Salamander, the popular name of most of the batrachian reptiles with persistent tail (urodela) which lose the gills in the adult condition (caducibranchiates). The family of am-phiumidoe has been noticed under Menopoma. The family salamandridoe has been divided into two groups, the aquatic and terrestrial, of which the former will be described under Triton. Schneider reunited the water and land salamanders into a single genus salamandra, comprising the genera salamandra and triton of Laurenti. Prof. Baird (in the "Journal of the Academy of Natural Sciences," vol. i., Philadelphia, 1850) makes no generic distinction between the aquatic and terrestrial species, though he subdivides salamandra into several genera established by Rafinesque, Tschudi, and others. The division into groups according to general habitat will be retained here, and the species now noticed will be those which belong to the old genus salamandra (Laurenti). In this group the body is lizard-like, the limbs four, the maxillary and palate bones with minute teeth, the tongue more or less pediculated and free; there is no sternum, the ribs are rudimentary, and the pelvis is suspended by ligaments; there are in the adults neither gills nor gill openings, and the lungs are well developed; the eyes are prominent and furnished with lids; the skin is without scales, and has numerous warty glands which secrete an acrid viscid fluid; the tail is generally cylindrical.

They live on land in the adult state, and are found in the water only during the breeding season; they frequent damp places, and are found only in the northern hemisphere, in Europe, and especially in North America. The young, instead of being wholly developed in the water, in some are retained so long within the oviduct that they are born alive, having undergone a portion of their metamorphosis; the young live constantly in the water and breathe by external gills, which disappear with the gill openings when the respiration becomes pulmonary; the anterior limbs are developed earlier than the posterior, the former having four and the latter five toes. From large glands behind the eyes and on the body is secreted a yellow matter so abundantly and rapidly, that it gave rise to the popular belief, once extensively prevalent, that they possess the power of extinguishing and of remaining unharmed in fire, to test which many have been cruelly destroyed; this acrid secretion seems to be poisonous to some of the lower animals, and has caused their bite and even their touch to be regarded as venomous. They rarely exceed 6 1/2 in. in total length.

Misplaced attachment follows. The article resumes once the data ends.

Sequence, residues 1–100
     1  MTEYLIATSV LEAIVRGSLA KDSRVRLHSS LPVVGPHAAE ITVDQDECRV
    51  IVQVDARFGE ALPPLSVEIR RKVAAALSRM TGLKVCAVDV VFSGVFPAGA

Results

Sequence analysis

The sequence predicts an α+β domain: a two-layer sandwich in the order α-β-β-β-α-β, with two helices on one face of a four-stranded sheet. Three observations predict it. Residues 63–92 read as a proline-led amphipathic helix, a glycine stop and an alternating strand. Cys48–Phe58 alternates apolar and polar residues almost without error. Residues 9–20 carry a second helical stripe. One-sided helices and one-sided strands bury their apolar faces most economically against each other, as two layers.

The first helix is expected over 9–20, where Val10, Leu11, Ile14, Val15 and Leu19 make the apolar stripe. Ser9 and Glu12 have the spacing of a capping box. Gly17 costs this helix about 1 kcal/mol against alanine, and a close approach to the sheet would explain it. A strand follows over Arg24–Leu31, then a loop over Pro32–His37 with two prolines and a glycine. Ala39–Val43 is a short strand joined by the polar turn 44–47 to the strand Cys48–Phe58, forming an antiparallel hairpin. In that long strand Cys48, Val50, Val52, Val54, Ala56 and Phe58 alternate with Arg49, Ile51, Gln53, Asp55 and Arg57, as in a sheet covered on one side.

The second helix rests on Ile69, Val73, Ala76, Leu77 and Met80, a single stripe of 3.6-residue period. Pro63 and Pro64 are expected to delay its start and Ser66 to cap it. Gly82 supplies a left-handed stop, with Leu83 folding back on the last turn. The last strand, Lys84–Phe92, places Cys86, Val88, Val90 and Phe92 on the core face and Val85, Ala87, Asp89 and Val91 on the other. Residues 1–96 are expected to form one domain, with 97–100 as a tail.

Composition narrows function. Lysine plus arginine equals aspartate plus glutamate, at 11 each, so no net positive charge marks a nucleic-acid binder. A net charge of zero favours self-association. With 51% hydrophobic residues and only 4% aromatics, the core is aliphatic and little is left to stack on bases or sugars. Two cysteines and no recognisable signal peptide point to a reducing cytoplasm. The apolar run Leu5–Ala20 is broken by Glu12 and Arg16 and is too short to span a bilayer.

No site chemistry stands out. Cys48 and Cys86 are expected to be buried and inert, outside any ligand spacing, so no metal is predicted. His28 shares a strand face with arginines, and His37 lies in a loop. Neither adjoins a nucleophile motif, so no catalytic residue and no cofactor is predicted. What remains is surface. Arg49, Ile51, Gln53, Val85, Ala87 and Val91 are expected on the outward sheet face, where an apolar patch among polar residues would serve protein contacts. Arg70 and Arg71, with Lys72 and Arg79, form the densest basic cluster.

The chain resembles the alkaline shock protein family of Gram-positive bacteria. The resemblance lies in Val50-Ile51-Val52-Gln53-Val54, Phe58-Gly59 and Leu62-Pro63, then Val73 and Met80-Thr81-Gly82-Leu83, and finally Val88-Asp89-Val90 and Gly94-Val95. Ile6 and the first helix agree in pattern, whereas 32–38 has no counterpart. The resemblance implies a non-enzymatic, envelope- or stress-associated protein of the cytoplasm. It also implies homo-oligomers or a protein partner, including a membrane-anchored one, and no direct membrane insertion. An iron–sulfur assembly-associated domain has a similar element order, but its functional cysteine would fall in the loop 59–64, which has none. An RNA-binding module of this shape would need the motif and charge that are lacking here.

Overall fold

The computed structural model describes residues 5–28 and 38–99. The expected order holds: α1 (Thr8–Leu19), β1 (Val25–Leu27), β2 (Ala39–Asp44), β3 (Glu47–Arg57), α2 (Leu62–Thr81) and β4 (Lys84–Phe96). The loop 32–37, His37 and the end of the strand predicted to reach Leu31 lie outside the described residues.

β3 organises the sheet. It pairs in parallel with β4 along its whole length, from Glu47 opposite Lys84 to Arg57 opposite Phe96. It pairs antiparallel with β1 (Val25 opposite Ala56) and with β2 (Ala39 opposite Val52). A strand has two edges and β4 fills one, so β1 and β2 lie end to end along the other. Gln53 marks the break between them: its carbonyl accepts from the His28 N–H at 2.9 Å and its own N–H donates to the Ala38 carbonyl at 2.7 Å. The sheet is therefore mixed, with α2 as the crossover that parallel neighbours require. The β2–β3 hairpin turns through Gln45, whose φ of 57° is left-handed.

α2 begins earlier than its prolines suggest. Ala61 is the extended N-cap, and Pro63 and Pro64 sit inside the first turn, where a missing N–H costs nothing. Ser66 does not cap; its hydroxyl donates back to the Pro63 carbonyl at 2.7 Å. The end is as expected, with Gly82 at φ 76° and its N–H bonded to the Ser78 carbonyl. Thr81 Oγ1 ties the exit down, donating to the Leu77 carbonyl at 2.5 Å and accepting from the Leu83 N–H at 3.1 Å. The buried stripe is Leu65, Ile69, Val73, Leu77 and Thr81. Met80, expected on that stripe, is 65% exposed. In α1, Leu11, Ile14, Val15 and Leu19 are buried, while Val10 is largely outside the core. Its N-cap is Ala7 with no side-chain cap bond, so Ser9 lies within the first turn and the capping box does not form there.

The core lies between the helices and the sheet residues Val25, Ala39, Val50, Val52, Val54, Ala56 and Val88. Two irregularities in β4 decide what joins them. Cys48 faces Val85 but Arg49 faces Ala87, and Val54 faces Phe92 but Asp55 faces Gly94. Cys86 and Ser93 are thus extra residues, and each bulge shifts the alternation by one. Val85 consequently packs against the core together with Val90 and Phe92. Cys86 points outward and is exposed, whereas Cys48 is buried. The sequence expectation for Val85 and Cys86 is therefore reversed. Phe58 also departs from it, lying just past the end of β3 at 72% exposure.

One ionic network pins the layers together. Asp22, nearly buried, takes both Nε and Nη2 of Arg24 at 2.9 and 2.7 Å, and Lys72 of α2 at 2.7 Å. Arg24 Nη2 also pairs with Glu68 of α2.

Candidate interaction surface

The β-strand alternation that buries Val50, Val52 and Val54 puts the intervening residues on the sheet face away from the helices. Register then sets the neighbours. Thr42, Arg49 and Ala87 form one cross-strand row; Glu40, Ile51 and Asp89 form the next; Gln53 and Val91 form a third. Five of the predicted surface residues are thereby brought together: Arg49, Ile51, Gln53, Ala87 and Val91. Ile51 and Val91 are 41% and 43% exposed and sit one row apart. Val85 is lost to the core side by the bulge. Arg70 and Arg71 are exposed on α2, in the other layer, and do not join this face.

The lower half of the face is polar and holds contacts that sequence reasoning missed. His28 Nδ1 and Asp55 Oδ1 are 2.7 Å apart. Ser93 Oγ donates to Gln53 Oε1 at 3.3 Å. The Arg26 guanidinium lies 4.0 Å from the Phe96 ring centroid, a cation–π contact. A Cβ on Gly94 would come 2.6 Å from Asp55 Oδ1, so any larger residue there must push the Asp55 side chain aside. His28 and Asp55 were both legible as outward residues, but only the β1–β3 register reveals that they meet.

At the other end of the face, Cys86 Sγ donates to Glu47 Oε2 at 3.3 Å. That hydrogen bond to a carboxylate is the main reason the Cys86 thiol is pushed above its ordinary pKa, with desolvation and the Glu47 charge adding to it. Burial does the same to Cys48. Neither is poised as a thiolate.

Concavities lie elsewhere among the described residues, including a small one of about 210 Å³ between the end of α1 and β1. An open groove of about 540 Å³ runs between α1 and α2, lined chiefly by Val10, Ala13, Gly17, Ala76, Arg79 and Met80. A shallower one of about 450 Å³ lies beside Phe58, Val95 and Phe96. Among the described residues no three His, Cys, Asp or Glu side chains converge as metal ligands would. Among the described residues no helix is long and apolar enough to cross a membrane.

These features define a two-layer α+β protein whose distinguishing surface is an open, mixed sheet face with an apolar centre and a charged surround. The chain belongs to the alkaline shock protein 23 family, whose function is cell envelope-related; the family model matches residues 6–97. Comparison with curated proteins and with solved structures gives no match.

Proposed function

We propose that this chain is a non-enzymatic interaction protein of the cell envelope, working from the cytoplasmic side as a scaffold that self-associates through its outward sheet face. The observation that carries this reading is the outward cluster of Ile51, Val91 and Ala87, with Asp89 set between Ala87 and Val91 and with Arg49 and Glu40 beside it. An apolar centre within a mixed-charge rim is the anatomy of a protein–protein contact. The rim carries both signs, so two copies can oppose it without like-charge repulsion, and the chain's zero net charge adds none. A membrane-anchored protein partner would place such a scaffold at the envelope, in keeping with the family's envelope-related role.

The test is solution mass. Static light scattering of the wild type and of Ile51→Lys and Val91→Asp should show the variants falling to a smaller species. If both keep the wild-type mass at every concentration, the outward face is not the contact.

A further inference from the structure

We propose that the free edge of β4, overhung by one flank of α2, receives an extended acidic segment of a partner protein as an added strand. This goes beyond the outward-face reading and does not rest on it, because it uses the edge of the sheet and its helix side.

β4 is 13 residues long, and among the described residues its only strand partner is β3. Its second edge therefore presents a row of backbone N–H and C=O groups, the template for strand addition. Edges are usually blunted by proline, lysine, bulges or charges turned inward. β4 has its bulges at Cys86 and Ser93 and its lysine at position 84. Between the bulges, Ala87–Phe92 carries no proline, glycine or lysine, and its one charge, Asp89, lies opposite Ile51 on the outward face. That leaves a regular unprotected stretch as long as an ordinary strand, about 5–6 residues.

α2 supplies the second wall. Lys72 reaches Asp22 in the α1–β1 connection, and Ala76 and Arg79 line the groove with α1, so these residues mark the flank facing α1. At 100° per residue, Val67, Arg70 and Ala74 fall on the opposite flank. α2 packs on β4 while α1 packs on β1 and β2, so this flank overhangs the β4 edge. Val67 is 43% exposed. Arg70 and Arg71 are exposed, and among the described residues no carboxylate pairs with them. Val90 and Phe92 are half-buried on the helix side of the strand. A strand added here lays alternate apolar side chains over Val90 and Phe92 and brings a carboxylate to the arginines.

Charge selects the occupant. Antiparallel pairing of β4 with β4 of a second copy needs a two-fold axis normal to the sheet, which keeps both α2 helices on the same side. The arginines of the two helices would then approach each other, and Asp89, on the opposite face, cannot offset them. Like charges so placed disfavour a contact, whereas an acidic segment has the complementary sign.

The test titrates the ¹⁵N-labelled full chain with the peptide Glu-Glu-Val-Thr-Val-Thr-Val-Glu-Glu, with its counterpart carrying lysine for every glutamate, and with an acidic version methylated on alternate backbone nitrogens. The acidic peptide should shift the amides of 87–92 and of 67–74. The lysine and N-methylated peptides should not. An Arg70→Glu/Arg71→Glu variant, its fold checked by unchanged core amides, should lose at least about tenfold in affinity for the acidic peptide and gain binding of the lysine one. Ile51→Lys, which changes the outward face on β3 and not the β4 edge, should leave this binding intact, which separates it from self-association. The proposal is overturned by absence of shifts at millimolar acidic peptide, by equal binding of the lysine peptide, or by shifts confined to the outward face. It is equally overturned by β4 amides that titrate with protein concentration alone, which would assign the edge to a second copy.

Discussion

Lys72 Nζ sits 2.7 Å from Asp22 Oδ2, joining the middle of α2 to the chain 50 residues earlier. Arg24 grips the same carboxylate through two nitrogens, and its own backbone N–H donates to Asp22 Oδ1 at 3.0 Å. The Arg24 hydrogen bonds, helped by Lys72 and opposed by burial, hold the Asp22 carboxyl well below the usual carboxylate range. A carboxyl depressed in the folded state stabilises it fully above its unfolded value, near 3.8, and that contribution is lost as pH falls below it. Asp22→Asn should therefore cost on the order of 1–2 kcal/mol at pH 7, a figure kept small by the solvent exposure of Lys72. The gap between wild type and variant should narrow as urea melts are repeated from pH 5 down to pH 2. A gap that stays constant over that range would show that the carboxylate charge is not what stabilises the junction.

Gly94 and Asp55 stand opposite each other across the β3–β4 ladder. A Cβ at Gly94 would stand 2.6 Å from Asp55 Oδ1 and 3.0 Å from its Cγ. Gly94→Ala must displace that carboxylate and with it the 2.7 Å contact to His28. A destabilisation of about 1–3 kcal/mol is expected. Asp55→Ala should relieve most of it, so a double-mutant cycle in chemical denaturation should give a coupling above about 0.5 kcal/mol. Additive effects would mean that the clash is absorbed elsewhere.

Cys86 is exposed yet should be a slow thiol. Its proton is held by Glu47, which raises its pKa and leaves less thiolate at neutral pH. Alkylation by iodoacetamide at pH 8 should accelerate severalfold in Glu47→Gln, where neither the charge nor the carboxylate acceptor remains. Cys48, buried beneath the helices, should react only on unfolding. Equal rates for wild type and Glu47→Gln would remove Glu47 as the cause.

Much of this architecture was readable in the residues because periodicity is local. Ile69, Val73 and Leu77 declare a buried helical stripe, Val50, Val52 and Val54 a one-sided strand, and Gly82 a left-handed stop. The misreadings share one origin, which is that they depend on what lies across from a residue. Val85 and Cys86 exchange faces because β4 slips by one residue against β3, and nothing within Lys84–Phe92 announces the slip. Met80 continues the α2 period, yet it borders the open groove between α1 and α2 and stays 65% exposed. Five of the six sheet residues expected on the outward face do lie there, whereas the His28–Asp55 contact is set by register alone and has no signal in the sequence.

Some of the tritons are essentially terrestrial in their habits. - Among the North American species may be mentioned, in the genus pseudotriton (Tschudi), the red-spotted salamander (P. ruber, Tsch.; S. rubra, Daudin), 4 to 6 in. long, red above with many small, black points, sides red and abdomen orange red, both unspotted; it is very common under rocks and fallen trees, and preys on insects; it inhabits the Atlantic states from Massachusetts to Florida; it is handsome, and the same as the S. maculata (Green). In this species the body is very short, and the tail is equal to or less than the body. The blue-spotted salamander (S. glutinosa, Green; plethodon, Tsch.) is about 7 in. long, bluish black above, with small white spots on back and tail and larger ones of the same color on the flanks; the tail is nearly twice the length of the body. This is common from Massachusetts to the gulf of Mexico, living in preference under fallen trees; the specific name was derived from the great quantity of glutinous matter suddenly given off from the skin.